James Curry named a fellow of the Society for Industrial and Applied Mathematics, which recognizes those who made ‘outstanding contributions’ to the field
James Curry, professor of applied mathematics at the University of Colorado Boulder, has been named a 2022 fellow of the Society for Industrial and Applied Mathematics (SIAM), the group announced today.
SIAM fellowships are reserved for those who have made “outstanding contributions” to the fields of industrial and applied mathematics. He was cited for his "pioneering work in computational dynamics and for mentorship of young researchers, particularly in the African American community."
Curry focuses on problems at the interface of numerical methods, matrix theory and applied mathematics. He is also committed to workforce and mathematics education and the next generation of students.
During Curry’s tenure, first as associate director of the Program in Applied Mathematics and then as chair of the department, he introduced computational projects and labs into third- and fourth-semester lower division applied mathematics courses.
“More than 1,000 students each semester now learn from hands-on interactive projects that are designed and developed by undergraduate and graduate students in applied mathematics and engineering,” Curry states.
For the past 25 years, Curry has worked with methods for solving systems of non-linear equations. “This has led to the infusion of computational tools methods and strategies in various of my own classes and classes that are central to the Department of Applied Mathematics,” he said.
Curry said he was “absolutely speechless” when he received the notice from SIAM. He said the ubiquity of the applications of mathematics and computer sciences gives students many advantages “and definitely encourages the development of critical thinking skills!”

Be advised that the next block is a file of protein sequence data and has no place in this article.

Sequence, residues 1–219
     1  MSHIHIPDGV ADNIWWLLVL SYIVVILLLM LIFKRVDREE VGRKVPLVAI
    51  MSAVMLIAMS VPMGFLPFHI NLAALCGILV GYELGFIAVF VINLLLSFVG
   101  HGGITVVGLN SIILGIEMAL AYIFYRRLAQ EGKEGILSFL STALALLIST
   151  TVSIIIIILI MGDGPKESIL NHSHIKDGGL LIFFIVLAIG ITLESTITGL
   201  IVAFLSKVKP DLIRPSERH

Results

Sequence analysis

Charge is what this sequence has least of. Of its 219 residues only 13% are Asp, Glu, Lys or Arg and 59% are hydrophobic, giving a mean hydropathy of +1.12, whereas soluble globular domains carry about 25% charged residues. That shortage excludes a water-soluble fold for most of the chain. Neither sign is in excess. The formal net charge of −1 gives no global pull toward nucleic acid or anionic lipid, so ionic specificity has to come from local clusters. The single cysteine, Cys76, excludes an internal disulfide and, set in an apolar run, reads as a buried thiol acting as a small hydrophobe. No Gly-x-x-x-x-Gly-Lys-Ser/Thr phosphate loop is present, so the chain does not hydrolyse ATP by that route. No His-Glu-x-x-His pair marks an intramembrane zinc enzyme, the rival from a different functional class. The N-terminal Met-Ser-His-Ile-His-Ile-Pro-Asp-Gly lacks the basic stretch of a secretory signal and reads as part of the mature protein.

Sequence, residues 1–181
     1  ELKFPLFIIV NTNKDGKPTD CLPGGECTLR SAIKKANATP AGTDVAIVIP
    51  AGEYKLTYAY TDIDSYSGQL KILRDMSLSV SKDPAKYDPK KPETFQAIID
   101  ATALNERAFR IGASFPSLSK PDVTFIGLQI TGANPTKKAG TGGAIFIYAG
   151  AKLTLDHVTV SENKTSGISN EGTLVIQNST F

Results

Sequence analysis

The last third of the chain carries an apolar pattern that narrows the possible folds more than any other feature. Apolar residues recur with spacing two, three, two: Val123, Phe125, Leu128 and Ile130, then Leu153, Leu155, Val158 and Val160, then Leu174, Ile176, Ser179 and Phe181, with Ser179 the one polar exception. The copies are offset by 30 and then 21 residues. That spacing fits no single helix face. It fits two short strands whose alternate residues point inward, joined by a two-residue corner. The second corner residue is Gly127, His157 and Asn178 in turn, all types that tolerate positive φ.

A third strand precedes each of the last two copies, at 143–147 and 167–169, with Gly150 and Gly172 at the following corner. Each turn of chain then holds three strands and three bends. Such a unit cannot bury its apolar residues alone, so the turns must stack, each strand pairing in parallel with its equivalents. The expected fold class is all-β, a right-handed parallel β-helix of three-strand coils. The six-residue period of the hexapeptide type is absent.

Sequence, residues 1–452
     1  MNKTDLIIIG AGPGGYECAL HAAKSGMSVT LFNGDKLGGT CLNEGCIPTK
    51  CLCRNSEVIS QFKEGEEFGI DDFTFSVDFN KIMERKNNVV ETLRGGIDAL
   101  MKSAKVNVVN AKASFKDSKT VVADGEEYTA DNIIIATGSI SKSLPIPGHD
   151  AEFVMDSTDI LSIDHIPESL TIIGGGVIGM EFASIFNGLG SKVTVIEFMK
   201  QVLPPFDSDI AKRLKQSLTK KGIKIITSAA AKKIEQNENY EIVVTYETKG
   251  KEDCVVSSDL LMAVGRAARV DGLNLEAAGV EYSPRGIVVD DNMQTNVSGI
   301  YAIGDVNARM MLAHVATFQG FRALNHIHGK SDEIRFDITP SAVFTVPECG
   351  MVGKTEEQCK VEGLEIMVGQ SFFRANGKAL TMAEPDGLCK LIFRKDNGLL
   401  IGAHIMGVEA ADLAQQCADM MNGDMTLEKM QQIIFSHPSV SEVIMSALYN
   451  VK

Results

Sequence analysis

He said applied math and computer science offer increasingly more advantages as fields such as data sciences emerge in the “complex ecosystem that is part of the future.”
To Curry, this means students should further develop their communication, computational and mathematical skills. He concluded with an exhortation: “Do more math!”
Keith Molenar, acting dean of the College of Engineering and Applied Science, said Curry’s being named a SIAM fellow is “wonderful recognition of Professor Curry’s distinguished career in research, teaching, university and professional service.”
Molenar noted that SIAM is the pre-eminent professional society in the United States and world in applied mathematics, and the distinction of being named a SIAM fellow is reserved for its most highly accomplished members. “The College of Engineering and Applied Sciences is delighted to congratulate Professor Curry on this well-deserved honor.”
James W.C. White, acting dean of the College of Arts and Sciences, concurred, citing Curry’s exemplary teaching, research and service to the university. “Professor Curry has been a source of pride for the university for many years, and it is gratifying to see further recognition of his talents and deep commitment to the students.”
Curry joined the CU Boulder faculty in 1978. He earned a PhD in mathematics from the University of California at Berkeley in 1976 after earning bachelor’s and master’s degrees in math from UC-Berkeley.
Professor Curry has been a source of pride for the university for many years, and it is gratifying to see further recognition of his talents and deep commitment to the students.”
Among the awards Curry has won are the Boulder Faculty Assembly Teaching Excellence Award in 1992, the Student Organization for Alumni Relations Teaching Award in 1993, and, twice, the Tau Beta Pi Outstanding Professor Award.
He was named a CU President’s Teaching Scholar in 1993 and held the J. R. Woodhull/Logicon Teaching Professorship in the College of Engineering and Applied Science from 1999-2012.
Some of the previous SIAM fellows from CU Boulder include Mark J. Ablowitz, Gregory Beylkin, Richard Byrd, Xiao-Chuan Cai and Bengt Fornberg.
Through publications, research and community, SIAM’s mission is to build cooperation between mathematics and the worlds of science and technology.